June 15 (Bloomberg) -- Reed Smith LLP, Shook, Hardy & Bacon LLP and Fennemore Craig PC have been recognized for integrating women into leadership positions among law firms with more than 100 lawyers.
The determination by the Women in Law Empowerment Forum is made by measuring specific benchmarks of women’s achievements that address money and power, rather than family-friendly policies or initiatives. Six criteria, including whether women account for at least 20 percent of a firm’s equity partnership, whether they hold positions of power like firm chair or managing partner or practice group leader and whether they served on key committees at their firm, such as governance or compensation, are used. The organization also looked at whether women represented at least 10 percent of the top half of the most highly compensated partners.
In order to gain “certification” the firms had to meet at least three of the six criteria. Fifty firms at least met the minimum requirements; three met them all. Thirteen firms met five out of the six criteria.
“The reality is -- the world is diverse. Juries are diverse, clients are diverse, customers are diverse,” Marie Woodbury, a partner at Shook Hardy, said in a statement. The most successful law firms need to be able to incorporate diverse perspectives in solving problems for clients, whether those problems are resolved in the courtroom, the board room or the marketplace.’’
Reed Smith and Shook Hardy made the exclusive list of firms meeting all the requirements two years in a row.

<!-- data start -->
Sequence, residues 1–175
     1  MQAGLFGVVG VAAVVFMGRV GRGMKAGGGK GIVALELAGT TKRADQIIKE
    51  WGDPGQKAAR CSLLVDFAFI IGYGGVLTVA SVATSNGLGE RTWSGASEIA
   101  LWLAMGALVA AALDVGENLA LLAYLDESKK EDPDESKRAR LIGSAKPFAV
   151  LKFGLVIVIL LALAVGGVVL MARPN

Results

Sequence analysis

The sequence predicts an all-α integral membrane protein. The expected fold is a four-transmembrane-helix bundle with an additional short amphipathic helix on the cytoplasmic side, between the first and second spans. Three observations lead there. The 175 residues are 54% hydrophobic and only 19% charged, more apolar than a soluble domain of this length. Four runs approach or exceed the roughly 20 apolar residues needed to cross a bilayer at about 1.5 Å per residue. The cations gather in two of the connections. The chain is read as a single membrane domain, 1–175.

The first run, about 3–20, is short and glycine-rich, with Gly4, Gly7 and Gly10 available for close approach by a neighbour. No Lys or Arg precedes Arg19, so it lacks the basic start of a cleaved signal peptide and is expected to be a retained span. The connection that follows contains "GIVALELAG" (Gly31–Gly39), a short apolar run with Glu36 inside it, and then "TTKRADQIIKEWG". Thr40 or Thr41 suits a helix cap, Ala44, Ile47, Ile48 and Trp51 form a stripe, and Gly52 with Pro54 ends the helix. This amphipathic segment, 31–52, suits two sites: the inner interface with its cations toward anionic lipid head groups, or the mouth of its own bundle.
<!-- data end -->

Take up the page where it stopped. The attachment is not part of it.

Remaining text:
“We are also grateful to WILEF for creating these standards, and for encouraging law firms to adhere to them, and to strive to do better -- it’s a tremendous benefit to our firm internally and to our clients,” Reed Smith global managing partner Gregory B. Jordan said in a statement.
The firm has more than 600 women lawyers, who account for about 21 percent of the total partnership. Women hold 23.5 percent of all leadership positions at Reed Smith, and 27 percent of the firm’s compensation and promotion committee, according to the firm.
Among the firms who applied for certification, 84 percent met the standard that women constitute at least 10 percent of the top half of the highest paid partners. At the bottom of the rankings, 37 percent met the standard that women make up at least 25 percent of practice group leaders or department heads.
Elizabeth Tursi, the organization’s chair, said that equity partner status is the most important criterion. Only 42 percent of the certified firms had 20 percent or more women as equity partners. “Given the current environment relating to law firms, equity status is getting more difficult to achieve even for men,” Tursi said in an e-mail. “If it’s a two-tier firm, women are disproportionately affected and are often relegated to non-equity status.”